Vast non-coding regions of the genome have been dismissed as junk for years. However, by using qPCR (quantitative polymerase chain reaction), biologists at Texas A&M have found that some of these stretches of code, known as heterochromatin, are far from rubbish and could actually cast light into complex diseases such as cancer and diabetes.
Heterochromatin makes up a large part of the human genome. It is largely non-coding, and is formed from tightly coiled and closely packed repetitive strands of DNA, with associated proteins. While it seems that heterochromatin has a role in maintaining the structure and function of the chromosome, little has been done to sequence it.
The researchers modified a real-time quantitative PCR-based method and added in a fluorescent dye to quantify simple repetitive satellite sequences and look at the dynamics of the heterochromatic sequences in the Y chromosome of Drosophila melanogaster. The results, which were published in PLoS One, showed that mutations in the heterochromatin could affect other parts of the genome.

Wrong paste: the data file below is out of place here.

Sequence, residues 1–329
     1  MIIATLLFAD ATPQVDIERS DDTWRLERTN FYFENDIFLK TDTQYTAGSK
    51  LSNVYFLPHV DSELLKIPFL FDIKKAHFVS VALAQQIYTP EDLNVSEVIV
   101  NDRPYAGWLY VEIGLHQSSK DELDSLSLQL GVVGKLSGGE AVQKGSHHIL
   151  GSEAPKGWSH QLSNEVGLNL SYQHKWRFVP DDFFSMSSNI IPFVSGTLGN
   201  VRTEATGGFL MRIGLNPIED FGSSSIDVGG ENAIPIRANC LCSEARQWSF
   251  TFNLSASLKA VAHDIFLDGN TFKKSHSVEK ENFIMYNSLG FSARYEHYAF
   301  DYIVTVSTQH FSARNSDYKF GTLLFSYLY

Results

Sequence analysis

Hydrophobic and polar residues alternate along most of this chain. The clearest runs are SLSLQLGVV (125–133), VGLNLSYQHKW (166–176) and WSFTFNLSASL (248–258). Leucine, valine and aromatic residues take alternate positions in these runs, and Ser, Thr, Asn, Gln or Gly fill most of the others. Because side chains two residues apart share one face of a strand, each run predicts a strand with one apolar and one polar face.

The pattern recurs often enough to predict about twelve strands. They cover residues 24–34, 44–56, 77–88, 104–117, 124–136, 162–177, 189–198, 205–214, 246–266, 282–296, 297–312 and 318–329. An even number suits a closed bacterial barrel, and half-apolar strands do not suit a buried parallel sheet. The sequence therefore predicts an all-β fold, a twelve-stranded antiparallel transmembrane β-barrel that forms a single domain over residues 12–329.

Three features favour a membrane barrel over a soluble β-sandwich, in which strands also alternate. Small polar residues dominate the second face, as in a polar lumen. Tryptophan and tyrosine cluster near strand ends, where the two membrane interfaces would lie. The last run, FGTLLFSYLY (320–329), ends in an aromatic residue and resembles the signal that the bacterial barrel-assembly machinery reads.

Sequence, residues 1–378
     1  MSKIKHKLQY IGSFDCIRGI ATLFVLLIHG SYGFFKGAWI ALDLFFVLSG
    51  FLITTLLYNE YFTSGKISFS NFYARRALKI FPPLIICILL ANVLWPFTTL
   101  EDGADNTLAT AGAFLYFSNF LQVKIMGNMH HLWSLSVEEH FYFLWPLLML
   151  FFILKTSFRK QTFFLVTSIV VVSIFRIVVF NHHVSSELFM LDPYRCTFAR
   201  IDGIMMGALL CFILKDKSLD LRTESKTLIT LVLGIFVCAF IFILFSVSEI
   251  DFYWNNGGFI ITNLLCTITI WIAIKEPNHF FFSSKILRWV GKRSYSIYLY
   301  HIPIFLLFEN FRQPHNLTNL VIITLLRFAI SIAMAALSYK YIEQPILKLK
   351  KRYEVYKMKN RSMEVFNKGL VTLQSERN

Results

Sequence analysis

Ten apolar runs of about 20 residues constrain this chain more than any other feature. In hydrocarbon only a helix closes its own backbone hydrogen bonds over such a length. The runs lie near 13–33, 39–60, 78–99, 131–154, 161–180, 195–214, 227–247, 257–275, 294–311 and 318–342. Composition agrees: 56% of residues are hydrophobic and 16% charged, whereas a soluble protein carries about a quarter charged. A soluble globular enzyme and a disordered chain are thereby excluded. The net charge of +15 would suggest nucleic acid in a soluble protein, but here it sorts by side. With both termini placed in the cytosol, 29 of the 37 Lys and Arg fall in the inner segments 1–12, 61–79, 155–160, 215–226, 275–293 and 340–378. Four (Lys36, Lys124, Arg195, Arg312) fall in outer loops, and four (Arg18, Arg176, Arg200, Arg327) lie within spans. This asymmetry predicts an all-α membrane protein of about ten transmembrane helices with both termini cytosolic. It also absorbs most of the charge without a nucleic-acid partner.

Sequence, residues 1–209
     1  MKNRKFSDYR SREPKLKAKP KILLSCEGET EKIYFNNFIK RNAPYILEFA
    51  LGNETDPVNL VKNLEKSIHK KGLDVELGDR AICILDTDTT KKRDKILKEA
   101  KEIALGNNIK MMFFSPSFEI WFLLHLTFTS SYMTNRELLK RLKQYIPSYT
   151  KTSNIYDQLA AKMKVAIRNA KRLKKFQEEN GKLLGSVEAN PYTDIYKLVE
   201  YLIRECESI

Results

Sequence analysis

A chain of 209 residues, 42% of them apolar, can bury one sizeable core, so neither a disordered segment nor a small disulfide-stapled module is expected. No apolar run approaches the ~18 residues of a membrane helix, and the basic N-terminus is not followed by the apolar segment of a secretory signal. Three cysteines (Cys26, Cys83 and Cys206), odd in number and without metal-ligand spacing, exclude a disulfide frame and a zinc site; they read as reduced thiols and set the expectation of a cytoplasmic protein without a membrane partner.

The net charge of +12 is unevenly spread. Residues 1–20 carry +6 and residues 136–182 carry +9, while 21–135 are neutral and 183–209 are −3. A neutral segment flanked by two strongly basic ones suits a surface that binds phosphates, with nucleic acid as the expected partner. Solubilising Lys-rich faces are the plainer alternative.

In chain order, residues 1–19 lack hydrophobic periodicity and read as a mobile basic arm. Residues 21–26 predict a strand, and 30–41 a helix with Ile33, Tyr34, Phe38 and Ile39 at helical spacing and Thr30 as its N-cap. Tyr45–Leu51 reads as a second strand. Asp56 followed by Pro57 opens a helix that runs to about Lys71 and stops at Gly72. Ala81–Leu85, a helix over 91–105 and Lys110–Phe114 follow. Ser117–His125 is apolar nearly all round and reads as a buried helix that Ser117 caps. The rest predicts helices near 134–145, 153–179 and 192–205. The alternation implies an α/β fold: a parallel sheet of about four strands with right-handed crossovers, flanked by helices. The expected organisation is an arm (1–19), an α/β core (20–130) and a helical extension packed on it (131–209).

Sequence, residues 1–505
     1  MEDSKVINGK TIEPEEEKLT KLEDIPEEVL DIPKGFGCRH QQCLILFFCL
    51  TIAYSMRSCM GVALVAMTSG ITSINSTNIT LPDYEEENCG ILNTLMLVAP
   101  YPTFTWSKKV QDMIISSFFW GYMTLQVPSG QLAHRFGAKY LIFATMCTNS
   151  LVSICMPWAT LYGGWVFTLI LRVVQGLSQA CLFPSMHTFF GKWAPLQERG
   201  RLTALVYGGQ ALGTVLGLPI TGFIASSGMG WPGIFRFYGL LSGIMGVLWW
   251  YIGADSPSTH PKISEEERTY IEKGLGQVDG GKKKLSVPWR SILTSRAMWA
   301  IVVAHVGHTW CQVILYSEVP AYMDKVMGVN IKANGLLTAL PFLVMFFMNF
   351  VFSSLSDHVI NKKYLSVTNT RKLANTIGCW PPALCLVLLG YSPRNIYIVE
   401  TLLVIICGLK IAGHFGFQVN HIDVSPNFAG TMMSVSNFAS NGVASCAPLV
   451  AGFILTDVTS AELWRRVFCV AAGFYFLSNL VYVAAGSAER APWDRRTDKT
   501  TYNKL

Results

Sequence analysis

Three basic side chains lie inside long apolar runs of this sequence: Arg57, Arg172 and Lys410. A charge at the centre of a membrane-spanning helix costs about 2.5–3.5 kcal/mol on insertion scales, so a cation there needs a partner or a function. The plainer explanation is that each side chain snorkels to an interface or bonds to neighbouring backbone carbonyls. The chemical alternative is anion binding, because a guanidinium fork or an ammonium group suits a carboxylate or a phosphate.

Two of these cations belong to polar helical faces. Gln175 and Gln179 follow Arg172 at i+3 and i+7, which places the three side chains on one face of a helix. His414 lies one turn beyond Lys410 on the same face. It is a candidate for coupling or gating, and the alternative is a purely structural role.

“There is so much talk about understanding the connection between genetics and disease and finding personalized therapies,” says Keith A Maggert, an associate professor in the Department of Biology. “However, this topic is incomplete unless biologists can look at the entire genome. We still can’t — yet — but at least now, we’re a step closer.”
This modified qPCR-fluorescence technique, developed by doctoral student John C Aldrich, is cost-effective and time-efficient according to the researchers.
“There’s some sequencing technology that can also be used to do this, but it costs tens of thousands of dollars,” says Aldrich. “This enables us to answer a very specific question right here in the lab.”